Two lemonade stands are operating on a fairly busy street corner in Miami Gardens at Northwest 191st Street and 33rd Avenue.
Nisha’s Lemonade is on the grassy swale. She’s 14 years old and constantly crunching her business’ numbers.
“If you’re not making as much as you’re putting into it, then you probably have to change some things,” she says. “You’re supposed to make more money than you’re putting out to buy the supplies.”
She holds up a sign with colorful cutouts that reads “Lemonade $1” and waves to passing cars.
Champ’s Lemonade is just a few steps away from Nisha's on the sidewalk. Steve Bass is the 13-year-old CEO of the enterprise, his nickname is Champ.
There’s some light banter over who started their lemonade stand first.
Steve says he would prefer not to have competition, but he’s found some loyal lemonade ambassadors in customers who are posting pictures from his lemonade operation onto social media.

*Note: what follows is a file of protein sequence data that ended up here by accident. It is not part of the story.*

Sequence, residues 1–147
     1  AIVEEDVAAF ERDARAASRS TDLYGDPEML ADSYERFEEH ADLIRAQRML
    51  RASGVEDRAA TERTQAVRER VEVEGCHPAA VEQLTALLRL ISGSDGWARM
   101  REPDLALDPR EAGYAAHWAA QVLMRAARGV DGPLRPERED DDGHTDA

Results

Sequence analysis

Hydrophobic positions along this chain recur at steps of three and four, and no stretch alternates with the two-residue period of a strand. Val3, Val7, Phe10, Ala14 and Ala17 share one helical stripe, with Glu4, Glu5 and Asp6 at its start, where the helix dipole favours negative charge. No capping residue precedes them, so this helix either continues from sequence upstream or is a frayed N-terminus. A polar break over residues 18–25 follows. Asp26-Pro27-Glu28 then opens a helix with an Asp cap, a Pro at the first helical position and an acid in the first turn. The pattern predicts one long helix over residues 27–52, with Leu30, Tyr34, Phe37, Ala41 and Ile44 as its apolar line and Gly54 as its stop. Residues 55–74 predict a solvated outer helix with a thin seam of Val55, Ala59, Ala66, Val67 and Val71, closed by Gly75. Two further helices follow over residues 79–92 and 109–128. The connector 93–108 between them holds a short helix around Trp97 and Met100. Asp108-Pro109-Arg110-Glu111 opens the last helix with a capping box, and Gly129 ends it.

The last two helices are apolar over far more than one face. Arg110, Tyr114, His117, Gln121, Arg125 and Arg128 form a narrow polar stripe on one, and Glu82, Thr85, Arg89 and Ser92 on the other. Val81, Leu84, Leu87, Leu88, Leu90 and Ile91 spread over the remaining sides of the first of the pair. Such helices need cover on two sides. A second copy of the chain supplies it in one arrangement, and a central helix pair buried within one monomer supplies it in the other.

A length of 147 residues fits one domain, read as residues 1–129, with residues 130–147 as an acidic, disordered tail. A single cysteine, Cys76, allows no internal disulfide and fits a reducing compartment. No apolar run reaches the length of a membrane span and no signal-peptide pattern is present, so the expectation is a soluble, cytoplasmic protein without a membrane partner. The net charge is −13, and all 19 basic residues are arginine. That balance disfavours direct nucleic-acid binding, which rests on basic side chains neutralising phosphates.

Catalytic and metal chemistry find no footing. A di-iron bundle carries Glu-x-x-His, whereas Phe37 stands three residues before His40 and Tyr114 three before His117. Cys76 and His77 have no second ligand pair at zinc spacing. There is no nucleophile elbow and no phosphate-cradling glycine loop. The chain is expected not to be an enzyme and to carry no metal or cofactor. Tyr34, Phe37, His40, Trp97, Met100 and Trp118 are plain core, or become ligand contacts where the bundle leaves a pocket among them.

“People who see us on Facebook and leaders in the community like the mayor and police chief come by,” Steve says. “It makes me feel good to know that there are people to support me.”
There isn’t much to differentiate the two ubiquitous summer lemonade stands. They both sell regular and pink lemonade and one cup costs $1.
Most customers buy a cup from each stand, Nisha says, but there are a few who pick just one. In those instances, both lemonade entrepreneurs try to outdo the other.
Steve says his recipe draws repeat customers. He won’t divulge his ingredients with the competition within earshot.
He drops his voice a bit and says, “ It’s secret, it’s a secret recipe with secret ingredients.”
Nisha for her part says it’s all about hustling to get to the customers before they get a chance to consider the competition. She’ll take orders straight from a car’s window.
Melvin Grace had been riding by the lemonade stands for some days now and recently decided to stop. Before he could get out of his car, Nisha walked over and took his order: one regular lemonade.
Grace said he was impressed by both of the teens who were working in the summer heat to provide some ice-cold refreshments.
“They’re doing something positive. It’s summer time, they ain't sitting around -- they’re making themselves a couple pennies,” he says. “Earning their keep.”